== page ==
Wednesday, April 4, 2012

Robert Sarazin Blake's Put It All Down in a Letter on CD

"The truth of the matter is, I sleep on a lot of dirty couches. And when I wake up, I don't always feel good. I don't always feel like making a phone call. So I didn't call you."

Robert Sarazin Blake may be the closest thing we have to a beat poet in the 21st century. Whether you care for his style of folk music will probably depend on how you feel about his extraordinarily dry delivery and his forced vibrato. Like Dylan and Phil Ochs and many others, Blake isn't interested in fulfilling your expectations when it comes to singers. He's producing a vibe, an attitude that's all his own. Judging from the musical company he keeps, this Pacific Northwestern performer garners a lot of respect, and if you haven't heard of him yet you probably should.

I first heard Robert Sarazin Blake when I reviewed his album The Air Your Lungs Forced Out a couple of years ago--which I loved and considered one of the year's best. His tenth album, Put It All Down in a Letter, is a bit of a departure for Blake: "After ten albums and 2000+ gigs in nine countries, I've decided it's time to graduate from selling my albums out of my suitcase to sending my album to national radio and into the ears of the great American night." Recorded in a single all-night session at Minor Street Studios in Philadelphia, Srazin recorded the new album with a local band named the Powderkegs and was joined later in the evening by guitarist Jefferson Hamer (Great American Taxi). Once laid down on wax--or whatever they make CDs from these days--he started touring local radio stations and playing PIADIAL for the lonely, late-night radio hounds.

In the true spirit of the Beat Generation, the album features two extended "rambles" that feature Blake's stream-of-consciousness tales about the City of Brotherly Love. In the first sojourn, "I Didn't Call You From Philadelphia," Blake spends nearly seventeen minutes explaining to a loved one why he didn't call. Supported by a simple three-note riff, he offers a variety of excuses that range from his hatred of cell phones to the fact that George W. Bush was elected twice, and even though Obama is now President "we still have a long way to go." As good as Obama is, Blake surmises, he can't make us good. Finally, Blake comes clean with the quote above; a lot of people are evidently concerned with him sleeping on dirty couches.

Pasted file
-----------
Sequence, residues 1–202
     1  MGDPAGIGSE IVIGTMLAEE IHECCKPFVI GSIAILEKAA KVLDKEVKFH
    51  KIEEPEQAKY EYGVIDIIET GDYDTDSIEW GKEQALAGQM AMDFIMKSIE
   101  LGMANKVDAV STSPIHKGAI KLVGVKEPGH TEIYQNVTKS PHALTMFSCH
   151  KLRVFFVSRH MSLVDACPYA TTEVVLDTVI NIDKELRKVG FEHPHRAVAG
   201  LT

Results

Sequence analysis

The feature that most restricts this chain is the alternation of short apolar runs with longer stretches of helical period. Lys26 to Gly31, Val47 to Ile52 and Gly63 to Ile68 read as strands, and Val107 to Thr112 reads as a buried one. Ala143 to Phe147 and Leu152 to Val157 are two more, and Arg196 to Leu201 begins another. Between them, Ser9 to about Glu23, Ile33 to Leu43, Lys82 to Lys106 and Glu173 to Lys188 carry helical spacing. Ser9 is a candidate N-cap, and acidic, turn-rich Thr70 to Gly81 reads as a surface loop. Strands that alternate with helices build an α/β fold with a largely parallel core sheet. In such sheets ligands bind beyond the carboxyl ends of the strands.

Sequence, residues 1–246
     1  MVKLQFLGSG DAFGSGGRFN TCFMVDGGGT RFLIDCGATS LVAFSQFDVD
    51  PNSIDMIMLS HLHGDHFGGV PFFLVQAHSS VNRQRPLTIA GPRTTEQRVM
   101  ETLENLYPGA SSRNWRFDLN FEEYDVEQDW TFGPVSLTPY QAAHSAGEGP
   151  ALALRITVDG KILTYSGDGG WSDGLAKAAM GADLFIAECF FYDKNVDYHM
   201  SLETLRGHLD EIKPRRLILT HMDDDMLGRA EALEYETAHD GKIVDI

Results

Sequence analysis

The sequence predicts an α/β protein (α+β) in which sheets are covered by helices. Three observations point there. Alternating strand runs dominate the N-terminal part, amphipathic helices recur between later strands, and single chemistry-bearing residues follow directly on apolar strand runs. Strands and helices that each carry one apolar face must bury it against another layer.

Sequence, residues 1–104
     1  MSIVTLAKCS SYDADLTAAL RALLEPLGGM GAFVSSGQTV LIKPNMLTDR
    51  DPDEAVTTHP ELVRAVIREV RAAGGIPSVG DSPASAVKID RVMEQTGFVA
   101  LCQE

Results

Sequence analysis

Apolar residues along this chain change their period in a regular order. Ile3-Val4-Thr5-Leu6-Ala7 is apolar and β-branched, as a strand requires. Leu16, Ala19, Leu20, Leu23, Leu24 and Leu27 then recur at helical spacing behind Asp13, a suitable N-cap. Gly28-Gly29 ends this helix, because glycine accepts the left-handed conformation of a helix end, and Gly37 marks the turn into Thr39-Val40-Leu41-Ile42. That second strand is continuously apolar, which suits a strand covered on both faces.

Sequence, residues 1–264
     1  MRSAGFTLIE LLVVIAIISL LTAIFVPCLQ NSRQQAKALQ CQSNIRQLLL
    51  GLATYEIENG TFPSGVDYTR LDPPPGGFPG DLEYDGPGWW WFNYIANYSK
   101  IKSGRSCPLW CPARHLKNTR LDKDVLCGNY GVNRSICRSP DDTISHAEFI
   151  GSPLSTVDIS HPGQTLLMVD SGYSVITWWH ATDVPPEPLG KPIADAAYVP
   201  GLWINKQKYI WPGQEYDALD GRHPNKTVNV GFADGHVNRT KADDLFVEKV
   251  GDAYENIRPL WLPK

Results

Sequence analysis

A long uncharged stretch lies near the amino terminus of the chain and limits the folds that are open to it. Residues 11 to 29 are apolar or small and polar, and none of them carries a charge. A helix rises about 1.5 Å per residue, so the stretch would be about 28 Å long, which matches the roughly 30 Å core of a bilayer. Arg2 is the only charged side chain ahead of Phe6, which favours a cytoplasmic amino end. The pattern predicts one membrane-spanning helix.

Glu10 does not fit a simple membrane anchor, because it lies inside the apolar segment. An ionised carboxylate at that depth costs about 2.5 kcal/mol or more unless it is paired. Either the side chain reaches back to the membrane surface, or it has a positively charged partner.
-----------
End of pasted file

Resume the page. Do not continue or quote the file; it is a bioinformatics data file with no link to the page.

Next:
From there, Blake's songs remain topical in the best folk traditions. In "Tiger Woods Boom Boom" he draws a connection to the golfer's infidelities to the housing crisis and concludes, "We were so titillated by his fall/He was very, very, very, very good at hitting a little ball." In "Planned Parenthood Waiting Room" he describes his ordeal is he is treated for some unknown malady, only to be scolded by the nurse that if he just wore a condom, he wouldn't have to keep coming back. I'm sure Blake had no idea just how topical the subject of contraception would become in 2012 when he recorded this album back in 2010.

The second extended jam, which is far more turbulent and troubling than the first, speaks more directly to me. "Magic Hour on Baltimore Ave" spends almost 13 minutes following a record hound through Philadelphia as he writes a love letter and then wonders if he should mail it or not--the words "put the letter in the mail maybe not" echo as Blake strums ever more furiously on his 1977 Martin D-35.

What permeates the entire album, however, is Blake's wry sense of humor, his slightly apologetic phrasing which for some reason reminds me of Louis C.K.'s stand-up comedy with far less raunch--even when he discusses objects inserted into his urethra during his visit to the clinic. This CD was a happy surprise in my mailbox--I wasn't expecting it and I think the record label found my old review and put me on the same list as the radio DJs--and I hope more people discover this guy and support him on his neverending tours through Philadelphia and whatever city you call your hometown. If you choose not to investigate this singular talent, don't say I didn't call you and tell you about it.

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